Investors can use changes in correlation statistics to identify new trends in the financial markets, the economy, and stock prices.
- Correlation coefficients are used to measure the strength of the relationship between two variables.
- Pearson correlation is the one most commonly used in statistics. This measures the strength and direction of a linear relationship between two variables.
- Values always range between -1 (strong negative relationship) and +1 (strong positive relationship). Values at or close to zero imply a weak or no linear relationship.
- Correlation coefficient values less than +0.8 or greater than -0.8 are not considered significant.
Correlation Statistics and Investing
The correlation between two variables is particularly helpful when investing in the financial markets. For example, a correlation can be helpful in determining how well a mutual fund performs relative to its benchmark index, or another fund or asset class. By adding a low or negatively correlated mutual fund to an existing portfolio, the investor gains diversification benefits.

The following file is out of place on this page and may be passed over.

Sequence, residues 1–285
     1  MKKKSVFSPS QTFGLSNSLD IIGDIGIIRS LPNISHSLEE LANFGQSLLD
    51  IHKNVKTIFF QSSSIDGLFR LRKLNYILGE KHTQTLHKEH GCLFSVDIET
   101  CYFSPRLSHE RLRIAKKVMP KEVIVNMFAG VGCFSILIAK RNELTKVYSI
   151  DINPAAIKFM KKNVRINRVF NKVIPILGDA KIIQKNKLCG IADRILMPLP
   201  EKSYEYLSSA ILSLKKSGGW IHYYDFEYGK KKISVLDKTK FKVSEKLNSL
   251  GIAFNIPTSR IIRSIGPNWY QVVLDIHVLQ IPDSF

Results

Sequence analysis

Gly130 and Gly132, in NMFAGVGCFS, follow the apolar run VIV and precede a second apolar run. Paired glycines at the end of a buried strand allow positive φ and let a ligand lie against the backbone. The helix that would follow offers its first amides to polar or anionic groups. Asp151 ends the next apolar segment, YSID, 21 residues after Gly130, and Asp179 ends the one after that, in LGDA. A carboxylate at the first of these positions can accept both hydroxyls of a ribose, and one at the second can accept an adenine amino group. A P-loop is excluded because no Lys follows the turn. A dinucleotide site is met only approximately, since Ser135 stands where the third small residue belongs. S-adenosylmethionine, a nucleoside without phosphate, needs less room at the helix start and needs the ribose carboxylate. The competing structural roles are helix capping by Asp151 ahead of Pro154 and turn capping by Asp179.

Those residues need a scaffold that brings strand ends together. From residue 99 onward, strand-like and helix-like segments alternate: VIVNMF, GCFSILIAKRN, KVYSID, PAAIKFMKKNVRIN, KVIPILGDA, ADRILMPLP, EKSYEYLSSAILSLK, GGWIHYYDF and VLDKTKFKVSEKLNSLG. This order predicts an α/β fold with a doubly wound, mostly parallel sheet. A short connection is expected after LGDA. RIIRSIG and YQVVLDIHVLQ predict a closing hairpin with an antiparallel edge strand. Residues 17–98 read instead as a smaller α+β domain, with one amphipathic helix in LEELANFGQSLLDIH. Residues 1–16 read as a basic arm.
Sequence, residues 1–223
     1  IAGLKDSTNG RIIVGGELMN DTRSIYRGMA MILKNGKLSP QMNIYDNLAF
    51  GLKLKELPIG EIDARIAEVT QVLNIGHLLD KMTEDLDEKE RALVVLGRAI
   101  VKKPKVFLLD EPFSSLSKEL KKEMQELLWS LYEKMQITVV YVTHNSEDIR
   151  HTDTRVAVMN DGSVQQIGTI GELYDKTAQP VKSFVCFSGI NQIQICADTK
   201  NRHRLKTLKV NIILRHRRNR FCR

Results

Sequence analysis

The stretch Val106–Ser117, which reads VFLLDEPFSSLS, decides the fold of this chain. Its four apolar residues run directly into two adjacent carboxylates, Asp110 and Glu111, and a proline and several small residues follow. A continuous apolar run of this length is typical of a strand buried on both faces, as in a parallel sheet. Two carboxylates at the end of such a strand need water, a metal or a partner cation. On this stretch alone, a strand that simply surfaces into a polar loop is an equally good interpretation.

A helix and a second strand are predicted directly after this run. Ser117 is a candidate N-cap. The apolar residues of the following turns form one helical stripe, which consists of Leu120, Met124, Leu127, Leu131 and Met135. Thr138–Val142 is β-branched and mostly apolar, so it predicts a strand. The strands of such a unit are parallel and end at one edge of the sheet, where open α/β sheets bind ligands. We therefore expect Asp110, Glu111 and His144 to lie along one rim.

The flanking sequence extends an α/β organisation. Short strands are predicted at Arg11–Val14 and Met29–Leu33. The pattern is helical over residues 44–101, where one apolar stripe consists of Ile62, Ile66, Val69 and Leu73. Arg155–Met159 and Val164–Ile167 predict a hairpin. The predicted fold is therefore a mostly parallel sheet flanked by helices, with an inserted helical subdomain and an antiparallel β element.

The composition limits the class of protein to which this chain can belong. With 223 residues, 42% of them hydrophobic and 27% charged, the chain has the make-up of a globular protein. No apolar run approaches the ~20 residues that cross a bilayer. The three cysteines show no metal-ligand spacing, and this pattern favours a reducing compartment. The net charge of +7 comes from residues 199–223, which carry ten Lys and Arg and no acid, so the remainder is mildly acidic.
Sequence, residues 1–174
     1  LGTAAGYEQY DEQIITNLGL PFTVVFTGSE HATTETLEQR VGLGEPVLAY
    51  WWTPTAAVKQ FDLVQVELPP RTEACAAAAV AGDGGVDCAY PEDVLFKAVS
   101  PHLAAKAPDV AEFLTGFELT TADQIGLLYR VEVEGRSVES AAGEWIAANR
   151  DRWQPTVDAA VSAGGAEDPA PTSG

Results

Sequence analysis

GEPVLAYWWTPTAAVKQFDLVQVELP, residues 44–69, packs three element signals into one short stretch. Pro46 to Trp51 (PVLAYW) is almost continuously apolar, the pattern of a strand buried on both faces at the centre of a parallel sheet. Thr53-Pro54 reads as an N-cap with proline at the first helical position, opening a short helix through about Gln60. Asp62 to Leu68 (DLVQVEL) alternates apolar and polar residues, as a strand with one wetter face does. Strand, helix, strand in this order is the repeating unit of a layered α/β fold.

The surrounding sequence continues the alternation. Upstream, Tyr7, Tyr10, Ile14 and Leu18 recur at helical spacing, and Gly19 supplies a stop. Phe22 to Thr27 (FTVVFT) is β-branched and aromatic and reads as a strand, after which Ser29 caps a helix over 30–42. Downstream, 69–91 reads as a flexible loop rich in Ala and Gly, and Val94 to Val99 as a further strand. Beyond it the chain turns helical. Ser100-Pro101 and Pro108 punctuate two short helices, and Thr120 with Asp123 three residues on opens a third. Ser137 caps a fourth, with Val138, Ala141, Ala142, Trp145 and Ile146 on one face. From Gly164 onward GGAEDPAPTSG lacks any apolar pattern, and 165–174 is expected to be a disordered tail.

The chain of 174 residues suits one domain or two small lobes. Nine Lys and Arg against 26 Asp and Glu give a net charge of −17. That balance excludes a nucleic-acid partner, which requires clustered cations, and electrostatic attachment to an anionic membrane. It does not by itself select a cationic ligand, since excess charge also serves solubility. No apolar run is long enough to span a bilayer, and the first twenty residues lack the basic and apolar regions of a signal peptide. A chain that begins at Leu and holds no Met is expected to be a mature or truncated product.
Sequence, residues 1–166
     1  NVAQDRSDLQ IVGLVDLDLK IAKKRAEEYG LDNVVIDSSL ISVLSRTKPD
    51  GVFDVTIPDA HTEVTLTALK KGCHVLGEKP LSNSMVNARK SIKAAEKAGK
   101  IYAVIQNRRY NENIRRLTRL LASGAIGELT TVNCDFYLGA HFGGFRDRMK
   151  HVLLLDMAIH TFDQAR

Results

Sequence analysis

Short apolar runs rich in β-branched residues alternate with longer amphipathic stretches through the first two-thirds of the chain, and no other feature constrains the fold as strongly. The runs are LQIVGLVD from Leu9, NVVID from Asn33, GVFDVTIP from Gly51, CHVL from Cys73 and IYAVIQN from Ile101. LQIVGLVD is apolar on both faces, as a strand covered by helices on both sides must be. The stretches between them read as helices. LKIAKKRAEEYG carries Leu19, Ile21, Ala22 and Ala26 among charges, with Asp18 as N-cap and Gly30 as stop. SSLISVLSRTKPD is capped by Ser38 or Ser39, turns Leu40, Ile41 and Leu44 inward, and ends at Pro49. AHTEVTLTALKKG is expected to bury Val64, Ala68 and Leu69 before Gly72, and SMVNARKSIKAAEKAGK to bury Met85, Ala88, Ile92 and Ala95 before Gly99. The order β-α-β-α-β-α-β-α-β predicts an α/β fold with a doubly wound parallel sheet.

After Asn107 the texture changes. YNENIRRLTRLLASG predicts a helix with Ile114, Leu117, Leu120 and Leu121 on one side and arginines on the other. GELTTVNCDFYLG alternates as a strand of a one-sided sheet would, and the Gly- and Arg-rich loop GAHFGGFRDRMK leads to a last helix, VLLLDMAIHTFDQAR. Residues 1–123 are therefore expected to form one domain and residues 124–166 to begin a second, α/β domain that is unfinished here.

In other words, investors can use negatively correlated assets or securities to hedge their portfolios and reduce market risk due to volatility or wild price fluctuations. Many investors hedge the price risk of a portfolio, which effectively reduces any capital gains or losses because they want the dividend income or yield from the stock or security.
Correlation statistics also allows investors to determine when the correlation between two variables changes. For example, bank stocks typically have a highly positive correlation to interest rates since loan rates are often calculated based on market interest rates. If the stock price of a bank is falling while interest rates are rising, investors can glean that something's askew. If the stock prices of similar banks in the sector are also rising, investors can conclude that the declining bank stock is not due to interest rates. Instead, the poorly-performing bank is likely dealing with an internal, fundamental issue.
Correlation Coefficient Equation